For most people a week in Spain would mean seven days lying on a beach on the Costa Brava drinking cerveza and eating paella. It doesn’t have to be that way. Spain is a big country, but it isn’t so big that it can’t be experienced in a week, as long as you plan your route and know what you want to see. This article is just a suggestion of what you might want to do – there are many different routes, different activities and different Spains to explore.
Start in Basque country. The history of this area is fascinating. It’s an ancient area, in fact one of the few parts of Europe to be constantly populated throughout the ice age, so it’s no wonder the language is unique and the area has a strong sense of regional identity. Its biggest city, Bilbao is easily reached by plane and is famous for its culture and the unique Frank Gehy-designed Guggenheim museum.
However, Basque country also has another claim to greatness: its food. Whether you’re travelling by car or by train, the pretty coastal town of San Sebastian is nearby, and is known for its high number of Michelin-starred restaurants. But it’s really the everyday Basque food that people come to sample. Try the pintxos – the Basque name for tapas – which is on offer all over the city. The traditional way to do it is via a kind of bar crawl – have a couple of dishes with some wine or beer and then move on.
Just south of Basque country is La Rioja, home, naturally, to Spain’s most famous wine. You can stop off and visit a winery if you’re just passing through by car or, if you’re more of a connoisseur, you can book a wine tour.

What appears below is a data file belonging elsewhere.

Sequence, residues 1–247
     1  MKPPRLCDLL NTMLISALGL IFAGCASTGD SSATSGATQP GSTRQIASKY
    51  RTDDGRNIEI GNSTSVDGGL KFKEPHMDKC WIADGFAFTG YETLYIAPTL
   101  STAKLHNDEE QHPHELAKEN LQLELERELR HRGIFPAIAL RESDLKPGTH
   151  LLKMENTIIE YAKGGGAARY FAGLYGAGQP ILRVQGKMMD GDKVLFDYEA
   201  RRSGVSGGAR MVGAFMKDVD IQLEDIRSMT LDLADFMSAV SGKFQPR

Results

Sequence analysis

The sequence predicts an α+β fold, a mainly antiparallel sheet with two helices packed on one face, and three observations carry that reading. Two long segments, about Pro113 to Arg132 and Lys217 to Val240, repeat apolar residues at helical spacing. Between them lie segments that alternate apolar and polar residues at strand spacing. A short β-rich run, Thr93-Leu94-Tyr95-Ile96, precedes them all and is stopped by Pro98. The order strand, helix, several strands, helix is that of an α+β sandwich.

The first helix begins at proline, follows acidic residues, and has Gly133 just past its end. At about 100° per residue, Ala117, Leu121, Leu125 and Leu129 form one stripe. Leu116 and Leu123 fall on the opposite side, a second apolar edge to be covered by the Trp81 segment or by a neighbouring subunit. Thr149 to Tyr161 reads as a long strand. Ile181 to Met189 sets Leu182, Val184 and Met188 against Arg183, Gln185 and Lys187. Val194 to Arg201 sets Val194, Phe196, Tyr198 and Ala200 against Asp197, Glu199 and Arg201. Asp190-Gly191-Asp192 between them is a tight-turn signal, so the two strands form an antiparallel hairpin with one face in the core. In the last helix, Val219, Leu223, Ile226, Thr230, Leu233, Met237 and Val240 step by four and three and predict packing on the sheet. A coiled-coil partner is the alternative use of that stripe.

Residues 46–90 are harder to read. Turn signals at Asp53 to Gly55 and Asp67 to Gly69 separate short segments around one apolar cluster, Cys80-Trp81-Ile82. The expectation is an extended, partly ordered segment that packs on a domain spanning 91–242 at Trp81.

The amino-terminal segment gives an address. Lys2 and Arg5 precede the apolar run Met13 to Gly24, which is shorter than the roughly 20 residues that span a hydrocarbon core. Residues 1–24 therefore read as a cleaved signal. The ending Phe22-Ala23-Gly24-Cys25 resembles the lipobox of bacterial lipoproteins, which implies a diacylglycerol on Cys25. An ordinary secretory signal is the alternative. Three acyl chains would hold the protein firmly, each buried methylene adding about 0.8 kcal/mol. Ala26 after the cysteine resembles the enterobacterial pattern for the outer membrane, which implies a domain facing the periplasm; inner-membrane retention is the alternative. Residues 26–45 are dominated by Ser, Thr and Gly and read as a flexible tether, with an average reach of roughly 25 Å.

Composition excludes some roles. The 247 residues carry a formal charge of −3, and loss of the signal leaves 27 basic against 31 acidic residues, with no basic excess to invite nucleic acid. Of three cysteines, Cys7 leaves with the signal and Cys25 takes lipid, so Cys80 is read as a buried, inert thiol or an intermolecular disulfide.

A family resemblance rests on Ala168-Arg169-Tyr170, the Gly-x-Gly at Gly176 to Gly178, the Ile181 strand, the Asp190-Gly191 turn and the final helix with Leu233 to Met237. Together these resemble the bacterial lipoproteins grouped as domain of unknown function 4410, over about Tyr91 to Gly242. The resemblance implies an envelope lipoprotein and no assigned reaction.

As we’re travelling in pretty much in a straight line down the middle of the country, why not visit Madrid? Because of its long history as a seat of government, Madrid has a kind of imposing, preening stateliness that’s absent from the less formal cities of the north.
The city is certainly a wonder, with more than its fair share of museums, galleries and architecture to explore, but there are some activities that are pure Madrid. One is the Sunday tradition of imbibing sweet red vermouth with tapas, another is the post-midnight flamenco seen at places such as Casa Patas. And the sunsets are spectacular in Madrid, particularly when seen from heights of the Paseo del Pinto Rosales.
Heading south, you have a choice to veer to the right and visit Seville and the charming coastal town of Cadiz, or you can choose history and head to the old Moorish territory of Granada. Of course, at one point in its history all of Spain was ruled by the Moors, but the southern tip was more consistently occupied than any other region and Granada still feels like a city with strong ties to northern Africa.
The centrepiece of the town is the Alhambra, a huge, ornate palace dating from the 14th century. It was created by Muslim, Jewish and Christian artisans and the varying influences are felt throughout. If you’re planning a visit, make sure you arrive early. It’s enormously popular and the queues can be huge.
Outside of the Alhambra, Granada is a surprisingly young and modern city, its energy deriving from a wave of North African immigrants who keep the city’s Moorish heritage alive. But the big attraction in Granada is Flamenco. Unlike Madrid, Flamenco is native to Granada with a mixed gypsy and Jewish heritage filled with persecution and suffering. Flamenco is actually an art that comprises song, dance and literature, and there are hundreds of bars and venues that feature both the dancing and singing elements of the tradition.
And by now, you should be pretty tired – but in a good way. You can finish your tour here by flying out of Granada or head down to the ever-popular Malaga or the less well known but no less charming Almeria for some beach-side relaxation.
Adriano Comegna writes for Thomson holidays, a leading travel operator specialising in late deal holidays.